Follow Jim Kaufman on:  

Hey all you sales pros, does this sound at all familiar? You’re conducting your latest sales proposal meeting with your prospective client – and it lasts a solid two hours. They’re completely engaged, they ask all sorts of questions, and at the end of the meeting you feel really good about how it went. You were told before the meeting that they won’t have a decision today, as they are meeting with other companies, too. The good news is that at the end of the meeting, they told you to follow up in a couple weeks.

No problem, in exactly two weeks from the day you held the proposal meeting, you call them at 9AM for an answer.

No response.

So you decide to send an email. No response from them again… so you send another one a few days later. Eventually you finally connect, and the prospect still has not made a decision. If this is happening to you or your colleagues, a situation where you feel like you’re chasing a prospect after delivering what seemed like an excellent sales proposal, it’s important to think about how you end each proposal meeting – and how this is influencing the results you are getting.

Years ago when I was taking a number of sales training classes, I learned some great techniques for overcoming certain challenges I was running into – one of which helped me overcome the challenge described above. The solution? I started to schedule each follow-up meeting at the end of the previous meeting. Sounds simple, right? Yet many sales reps are somewhat reluctant to firmly set a follow-up meeting, worried that they’ll come off as too pushy or inflexible.

Even if the prospect would tell me to just call them in a few weeks, I still scheduled an appointment in their calendar for the phone call. Why do we set up appointments throughout the entire sales process, but then we stop scheduling the next meeting after we deliver the proposal? Too often we settle for “just call me in a few weeks” or “we need a few weeks to review our options” and we let our prospects off the hook for the most important meeting – the yes/no decision.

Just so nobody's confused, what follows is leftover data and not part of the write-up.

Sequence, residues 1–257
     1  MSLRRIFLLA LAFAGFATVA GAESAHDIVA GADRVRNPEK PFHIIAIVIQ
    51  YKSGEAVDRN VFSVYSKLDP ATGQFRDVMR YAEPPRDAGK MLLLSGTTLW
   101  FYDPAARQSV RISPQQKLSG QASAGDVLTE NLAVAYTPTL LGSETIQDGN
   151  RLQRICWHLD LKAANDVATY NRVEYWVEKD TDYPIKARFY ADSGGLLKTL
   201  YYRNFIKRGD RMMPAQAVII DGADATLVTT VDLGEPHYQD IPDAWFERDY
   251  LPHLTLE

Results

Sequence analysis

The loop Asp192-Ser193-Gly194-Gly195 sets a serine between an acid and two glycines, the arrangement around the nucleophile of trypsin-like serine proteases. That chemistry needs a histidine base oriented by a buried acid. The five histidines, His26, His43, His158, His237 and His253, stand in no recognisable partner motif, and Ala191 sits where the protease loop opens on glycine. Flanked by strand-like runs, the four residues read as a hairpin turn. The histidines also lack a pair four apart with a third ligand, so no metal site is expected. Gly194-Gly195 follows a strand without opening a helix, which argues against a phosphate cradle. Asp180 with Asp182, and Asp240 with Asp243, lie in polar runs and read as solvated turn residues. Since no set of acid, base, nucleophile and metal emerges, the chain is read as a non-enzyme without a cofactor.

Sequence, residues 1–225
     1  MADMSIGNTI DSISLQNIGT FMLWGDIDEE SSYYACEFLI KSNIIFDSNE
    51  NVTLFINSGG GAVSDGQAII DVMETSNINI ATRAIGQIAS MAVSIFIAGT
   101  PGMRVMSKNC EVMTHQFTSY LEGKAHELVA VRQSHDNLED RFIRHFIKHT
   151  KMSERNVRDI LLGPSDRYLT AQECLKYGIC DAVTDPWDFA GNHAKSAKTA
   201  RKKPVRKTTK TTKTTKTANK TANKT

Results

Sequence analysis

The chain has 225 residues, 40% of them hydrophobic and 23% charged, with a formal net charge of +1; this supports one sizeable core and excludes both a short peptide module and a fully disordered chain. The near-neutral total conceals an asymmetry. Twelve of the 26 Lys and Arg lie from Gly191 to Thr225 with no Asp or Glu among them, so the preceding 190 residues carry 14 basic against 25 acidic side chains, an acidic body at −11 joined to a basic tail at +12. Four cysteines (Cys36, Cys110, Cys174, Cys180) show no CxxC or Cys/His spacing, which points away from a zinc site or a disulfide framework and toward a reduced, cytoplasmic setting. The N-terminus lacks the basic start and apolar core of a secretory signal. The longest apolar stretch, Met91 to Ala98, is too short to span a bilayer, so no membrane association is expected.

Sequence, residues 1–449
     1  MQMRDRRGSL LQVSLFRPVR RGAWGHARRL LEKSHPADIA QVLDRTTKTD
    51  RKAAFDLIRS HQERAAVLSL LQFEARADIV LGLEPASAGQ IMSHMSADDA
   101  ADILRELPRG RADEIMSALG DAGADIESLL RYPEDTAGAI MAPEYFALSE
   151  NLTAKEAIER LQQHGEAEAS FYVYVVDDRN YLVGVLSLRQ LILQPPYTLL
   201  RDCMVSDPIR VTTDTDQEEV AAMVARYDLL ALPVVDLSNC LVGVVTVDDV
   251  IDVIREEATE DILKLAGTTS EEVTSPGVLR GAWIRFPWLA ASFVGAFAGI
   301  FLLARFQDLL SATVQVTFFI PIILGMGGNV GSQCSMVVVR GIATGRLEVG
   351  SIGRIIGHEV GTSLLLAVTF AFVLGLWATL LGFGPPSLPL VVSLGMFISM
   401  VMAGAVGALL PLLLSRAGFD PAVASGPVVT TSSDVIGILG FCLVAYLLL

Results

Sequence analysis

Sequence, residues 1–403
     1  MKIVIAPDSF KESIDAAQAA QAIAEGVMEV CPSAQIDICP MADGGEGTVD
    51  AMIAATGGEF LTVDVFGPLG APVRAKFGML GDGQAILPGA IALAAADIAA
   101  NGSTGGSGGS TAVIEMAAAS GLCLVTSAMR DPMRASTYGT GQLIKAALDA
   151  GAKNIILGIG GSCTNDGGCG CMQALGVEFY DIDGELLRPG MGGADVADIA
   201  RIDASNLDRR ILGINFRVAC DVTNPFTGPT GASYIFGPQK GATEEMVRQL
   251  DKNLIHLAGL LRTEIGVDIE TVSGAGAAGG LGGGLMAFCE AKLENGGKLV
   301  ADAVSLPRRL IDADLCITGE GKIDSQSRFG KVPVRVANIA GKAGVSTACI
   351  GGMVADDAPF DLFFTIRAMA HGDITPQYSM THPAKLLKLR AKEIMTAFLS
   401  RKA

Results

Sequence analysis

The following tips will help you beat these obstacles so you can achieve different results! Now at times, you may still hear the same answer, such as “NO” or “we have not made a decision yet,” but at least you will get the news earlier and you do not have to spend time chasing – and you’ll be able to use your time in other more productive ways.

  • When your sales proposal meeting starts, set expectations for the meeting.
  • If they will not make a yes/no decision at the end of the meeting, let them know you will set up an appointment to do so at the end of the meeting.
  • Get confirmation that your proposal covers exactly what they are looking for so they don’t come back to you in a few weeks asking for revisions.
  • When you set the appointment for the yes/no decision meeting, find out if there is any reason why they will not be able to make a decision at that time.
  • Send a calendar invite for the meeting to all parties involved in the decision-making process and make sure they accept!

When I started using this process on all my sales calls, not only did I save time in chasing prospects but I also closed more business. And who doesn’t want to close more business?!

Good Selling!!!

Free Download: Drive Sales with Content That Converts

About the Author

Jim Kaufman
pmg
Jim Kaufman

Co-author of the book "The Inbound Sales Effect", Jim Kaufman has been helping his customers with their sales development and training needs for 20+ years. A HubSpot certified sales professional with a proven success in prospecting and closing deals, Jim has delivered sales strategies, processes and SaaS training to over 500 business executives and companies, including Fortune 1000 companies.

 Tags: Sales

Subscribe to Our Blog!

New Call-to-action

DesignRush Accredited Agency 2019 BadgePMG has been recognized as a 2019 Top Digital Marketing Agency in Massachusetts by DesignRush.

Have any thoughts on this blog post topic? Let us know!

Simply post a comment below to add to the conversation.